Are you ready if the power goes out for two or three days?

Thursday, July 14, 2011

Fair Food and Fixin's.

It doesn't really matter what kind of food you like or what diet you're on, out here in the country during fair week it is your patriotic duty to partake of the fair food.  It may be over-priced, over-sweetened, and/or over-cooked, but mmmmm-mm, once a year it sure is good.

Where else can you get a more battered-up, deep-fried, salt-spreaded, cheese-slathered, ketchup-covered, high-dollar cholesterol boost than at the county fair? Besides, at these prices we'll be stimulating the economy faster than the BATF can move guns into Mexico.

You can get Hobo Steaks, Tacoritos, Corn Dogs, Coney Dogs, Chili Dogs, Chicken Burgers, Pork Nachos, Fried Cheese, Blooming Onions, and just about any deep-fried vegetable or critter you can imagine. Not a whole lot of cuisine for vegans and most of the vegetarians at the fair are on four-legs in various pens around the fair grounds.

If the more traditional chicken and steak sandwiches are not really what you're looking for, and since it's five o'clock somewhere, we always have some intoxicated poultry on hand.

When you're finished and need something a little bit soothing for your sweet tooth, there's cotton-candy, flavored and shaved-ice, ice-cream, home-made pie, funnel-cakes, elephant ears, and of course my favorite - caramel-candied apples.

Oh, don't forget to visit the animal exhibits at the fair to catch a glimpse of next year's fair food.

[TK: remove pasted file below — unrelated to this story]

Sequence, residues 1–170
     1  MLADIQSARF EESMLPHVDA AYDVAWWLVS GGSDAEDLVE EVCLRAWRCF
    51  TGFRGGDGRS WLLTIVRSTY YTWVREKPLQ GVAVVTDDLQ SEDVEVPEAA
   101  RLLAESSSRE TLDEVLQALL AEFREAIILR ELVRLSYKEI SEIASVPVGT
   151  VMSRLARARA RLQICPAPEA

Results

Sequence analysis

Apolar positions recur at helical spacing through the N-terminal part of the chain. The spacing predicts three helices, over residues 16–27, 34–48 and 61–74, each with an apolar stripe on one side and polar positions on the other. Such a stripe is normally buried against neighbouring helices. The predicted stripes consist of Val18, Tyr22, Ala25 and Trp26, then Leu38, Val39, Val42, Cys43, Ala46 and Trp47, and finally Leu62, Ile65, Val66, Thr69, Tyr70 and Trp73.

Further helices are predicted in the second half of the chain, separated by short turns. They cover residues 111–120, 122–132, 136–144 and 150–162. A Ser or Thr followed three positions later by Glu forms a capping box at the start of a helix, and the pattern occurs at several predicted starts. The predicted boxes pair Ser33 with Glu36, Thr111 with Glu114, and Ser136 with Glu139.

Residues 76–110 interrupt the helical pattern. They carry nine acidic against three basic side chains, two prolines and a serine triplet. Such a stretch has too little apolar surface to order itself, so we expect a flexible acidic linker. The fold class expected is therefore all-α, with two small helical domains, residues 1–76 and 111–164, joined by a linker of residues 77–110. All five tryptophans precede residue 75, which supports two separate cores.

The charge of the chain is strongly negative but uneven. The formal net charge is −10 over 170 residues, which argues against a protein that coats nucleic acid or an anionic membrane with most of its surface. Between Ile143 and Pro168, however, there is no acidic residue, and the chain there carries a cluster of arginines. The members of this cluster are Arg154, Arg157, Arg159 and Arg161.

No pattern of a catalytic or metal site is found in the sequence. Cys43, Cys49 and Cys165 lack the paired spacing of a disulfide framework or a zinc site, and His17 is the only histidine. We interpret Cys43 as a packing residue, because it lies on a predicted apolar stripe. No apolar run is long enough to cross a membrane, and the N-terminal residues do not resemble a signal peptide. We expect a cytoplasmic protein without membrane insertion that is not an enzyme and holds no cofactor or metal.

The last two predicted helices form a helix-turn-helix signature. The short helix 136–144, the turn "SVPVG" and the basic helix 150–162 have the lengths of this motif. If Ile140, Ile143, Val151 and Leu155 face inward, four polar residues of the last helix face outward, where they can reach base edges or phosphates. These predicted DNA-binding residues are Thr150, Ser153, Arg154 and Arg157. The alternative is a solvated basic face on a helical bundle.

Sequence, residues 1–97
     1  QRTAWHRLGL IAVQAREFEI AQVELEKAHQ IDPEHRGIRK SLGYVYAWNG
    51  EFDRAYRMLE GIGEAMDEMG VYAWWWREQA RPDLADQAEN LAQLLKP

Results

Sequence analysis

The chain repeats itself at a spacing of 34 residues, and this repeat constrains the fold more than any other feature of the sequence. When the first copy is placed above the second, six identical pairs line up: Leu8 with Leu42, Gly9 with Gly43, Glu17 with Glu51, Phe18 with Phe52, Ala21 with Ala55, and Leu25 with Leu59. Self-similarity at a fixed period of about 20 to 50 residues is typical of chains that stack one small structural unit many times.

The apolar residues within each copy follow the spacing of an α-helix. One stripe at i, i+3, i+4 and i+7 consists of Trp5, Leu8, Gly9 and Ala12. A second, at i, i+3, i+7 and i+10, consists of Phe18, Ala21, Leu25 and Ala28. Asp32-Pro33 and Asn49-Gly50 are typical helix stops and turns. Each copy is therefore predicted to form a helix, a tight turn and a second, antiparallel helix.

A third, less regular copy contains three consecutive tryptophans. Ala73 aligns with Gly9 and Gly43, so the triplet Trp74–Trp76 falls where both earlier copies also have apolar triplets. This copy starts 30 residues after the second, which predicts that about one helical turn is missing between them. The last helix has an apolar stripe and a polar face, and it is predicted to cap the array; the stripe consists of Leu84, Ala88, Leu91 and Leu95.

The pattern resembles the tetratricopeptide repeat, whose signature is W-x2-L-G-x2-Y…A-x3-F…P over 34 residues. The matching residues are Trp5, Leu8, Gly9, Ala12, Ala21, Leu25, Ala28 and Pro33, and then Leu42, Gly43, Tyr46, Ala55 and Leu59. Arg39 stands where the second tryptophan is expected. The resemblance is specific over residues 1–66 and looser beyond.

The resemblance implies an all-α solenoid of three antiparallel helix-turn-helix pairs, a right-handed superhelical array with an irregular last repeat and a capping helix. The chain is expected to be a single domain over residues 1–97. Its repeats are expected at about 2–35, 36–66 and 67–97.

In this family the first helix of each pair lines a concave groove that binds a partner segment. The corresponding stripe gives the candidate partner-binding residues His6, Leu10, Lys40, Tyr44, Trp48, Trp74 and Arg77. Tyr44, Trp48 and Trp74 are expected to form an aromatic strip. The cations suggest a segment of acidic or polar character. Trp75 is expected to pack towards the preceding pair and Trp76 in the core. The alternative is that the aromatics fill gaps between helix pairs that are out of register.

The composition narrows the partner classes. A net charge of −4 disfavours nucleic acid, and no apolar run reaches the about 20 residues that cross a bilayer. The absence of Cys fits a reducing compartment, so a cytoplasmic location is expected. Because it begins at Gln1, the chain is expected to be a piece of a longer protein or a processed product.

Ya'll come back, ya hear!

Tuesday, July 12, 2011

Violence at the county fair.

Our county fair is underway and as I meandered through the goat barn, a young boy bent over to fill the feed bucket for his goats when one of his 4H projects promptly head-butted him in the butt.  After witnessing such a hilarious... er... ahh... tragic event, I began to wonder:

Should goat dealers be required to sell goat locks to reduce goat violence?

We must band together in a show of strength to eliminate the goat-show loophole as soon as possible.  Alert the New York Times.

Sunday, July 10, 2011

A little less talk and a lot more action.

If you're a little less country and a bit more rock-n-roll, Elvis would have said, "A little less conversation, a little more action please."  When I started this blog, I decided to focus on writing about some of my favorite things in life. My intent is to generate original content of things that interest me and if any of you find something useful, all the better. While my goal is to post at least twice each week, I've got far too many other irons in the fire to make this a daily gig... and I like to spend a lot of time with my gals and shooting.

Since we are both in the teaching business, summer is a great time for my family to catch up on the many things that may have been shoved to the back burner all year.  I also serve on the county 4H committee and volunteer, along with my wife, as an advisor for our county's 4H Shooting Sports club. This week is our county fair and that keeps my gals and I pretty busy for seven days straight.  I'm very proud of my (just turned sixteen) daughter who took first in Senior Rifle during the pre-fair 4H Shooting Sports judging at our local gun club and range. She heads to the Ohio State Fair in August.

One of the other things I've been working on this summer is improving the hardware on our shooting range out back behind the barn.  I'm blessed with a wife who loves to shoot too, so getting the OK to put a covered, concrete firing line on the back of our barn when it was built a few years ago was pretty easy.  We call it the "shootin' porch".  It's great for having fun and regular practice with our firearms and bows, making some noise with shootin' buddies, introducing shooting to folks, or teaching the occasional NRA Basic Pistol/Ohio "CCW" course.